There are few things that are less certain right now than the path of interest rates in the UK. That’s despite the Bank of England’s attempts to reassure investors that it will not raise its key interest rate anytime soon from the record low level of 0.5%. Even when it does, it will do so in a gradual manner, the central bank says.
The importance of the topic was revealed after the Bank’s last monetary policy meeting, when Governor Mark Carney refused to deliver a hawkish message. There were outraged howls from some borrowers who, afraid that the central bank would finally hint at putting up the rate, rushed to fix their mortgages, spending money on fees in the process.
But even though Carney disappointed them, their decision to fix may turn out to be the best bet. That’s because interest rates can move even if the Bank of England isn’t prepared to raise them.
If they do, the central bank can only follow suit. And, to try to get ahead of the curve, it would have to raise rates faster than it would have done if it had started already. This would be highly destabilising for a fragile economy like the UK’s.
How could interest rates increase without the Bank of England’s seal of approval? Put simply, market expectations could change.
The Bank of England has been behind the curve pretty much during the whole “recovery” from the Great Recession. Luckily, this didn’t seem to matter too much – the eurozone debt crisis was so deep and had so many bad turns, that the UK was attractive for investors by comparison; therefore it has been sheltered from a crisis of confidence. But things could change now.
The European Central Bank is printing money in earnest and even talks about expanding its quantitative easing programme. This is already boosting asset prices in the eurozone but also, crucially, seems to be improving lending to businesses to some extent.
If the eurozone becomes more attractive, investors would be less ready to forgive the UK economy’s imbalances. The biggest are: double deficits (current account deficit averaging 5.5% last year, and budget deficit, at 5% of GDP in the fiscal year that ended in April), and public debt at around 80% of GDP. That’s what a fast-growing emerging market looks like, not a developed economy advancing at around 2.5% a year.
Add to that a huge bubble in the housing market, which, if sentiment towards UK property reverses, could burst with incalculable damage.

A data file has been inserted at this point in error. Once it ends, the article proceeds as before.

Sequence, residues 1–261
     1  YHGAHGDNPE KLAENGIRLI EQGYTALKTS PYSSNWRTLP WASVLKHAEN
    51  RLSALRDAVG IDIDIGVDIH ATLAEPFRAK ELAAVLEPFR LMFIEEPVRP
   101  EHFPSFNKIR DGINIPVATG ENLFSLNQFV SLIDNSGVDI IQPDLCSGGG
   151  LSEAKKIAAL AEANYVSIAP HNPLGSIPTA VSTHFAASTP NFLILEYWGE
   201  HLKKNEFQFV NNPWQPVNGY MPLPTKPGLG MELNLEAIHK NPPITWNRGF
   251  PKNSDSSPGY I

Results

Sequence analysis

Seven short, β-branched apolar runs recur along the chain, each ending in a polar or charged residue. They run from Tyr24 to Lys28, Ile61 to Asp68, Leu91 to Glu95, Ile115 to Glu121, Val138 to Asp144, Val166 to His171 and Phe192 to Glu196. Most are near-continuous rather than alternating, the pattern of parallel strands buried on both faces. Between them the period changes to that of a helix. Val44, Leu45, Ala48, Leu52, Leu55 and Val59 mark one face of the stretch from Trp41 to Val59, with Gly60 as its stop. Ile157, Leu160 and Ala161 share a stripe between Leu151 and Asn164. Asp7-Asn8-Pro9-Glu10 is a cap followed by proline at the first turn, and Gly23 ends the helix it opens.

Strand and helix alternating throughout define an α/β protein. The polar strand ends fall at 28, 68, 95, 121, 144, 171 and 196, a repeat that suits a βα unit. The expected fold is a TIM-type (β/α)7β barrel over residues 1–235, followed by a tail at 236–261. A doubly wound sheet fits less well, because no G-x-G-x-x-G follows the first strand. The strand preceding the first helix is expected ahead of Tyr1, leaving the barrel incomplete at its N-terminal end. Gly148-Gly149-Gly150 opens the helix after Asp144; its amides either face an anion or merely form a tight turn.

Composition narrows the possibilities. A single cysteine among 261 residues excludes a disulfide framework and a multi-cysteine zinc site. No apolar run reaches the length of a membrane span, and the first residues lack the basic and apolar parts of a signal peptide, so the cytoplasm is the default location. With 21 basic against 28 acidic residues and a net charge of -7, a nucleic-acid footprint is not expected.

The Bank of England has mentioned buy-to-let – in which landlords buy flats to let on, often with mortgages on which they only pay the interest, counting on house prices to keep rising in order to make enough profit to cover the principal at the end of the mortgage term – among the biggest risks to financial stability in the UK.
The figures presented in the central bank’s December stability report on the issue are staggering: since 2008, the stock of buy-to-let lending has increased at an average pace of 5.9% — almost 20 times faster than the growth in lending to owner occupiers.
In the third quarter of this year, buy-to-let lending increased by 10%, even after Chancellor George Osborne announced the gradual withdrawal of some tax relief on the payment of interest on mortgages. Then, last month, the chancellor announced an additional stamp duty of 3% on buy-to-let properties, in an attempt to rein in the sector’s unbalanced growth.
Add to this the fact that the UK is entering a period of turbulence, not just because of the shifts in the global economy but also because, ahead of a promised referendum on leaving the European Union, polls indicate that most people would vote to leave.
With so much uncertainty, investors in UK government bonds might decide they are no longer the safe haven they used to be. They could decide to sell, pushing up yields and therefore interest rates.
This trend could be exacerbated by the fact that some pension funds must move out of longer duration bonds towards shorter durations as the average age of their members increases, putting more upward pressure on yields at the longer end of the curve.
The Bank of England has gone to great lengths to promise low interest rates for a long time. But at the end of the day, the central bank does not control the market’s direction. It can, at best, hope to anticipate it.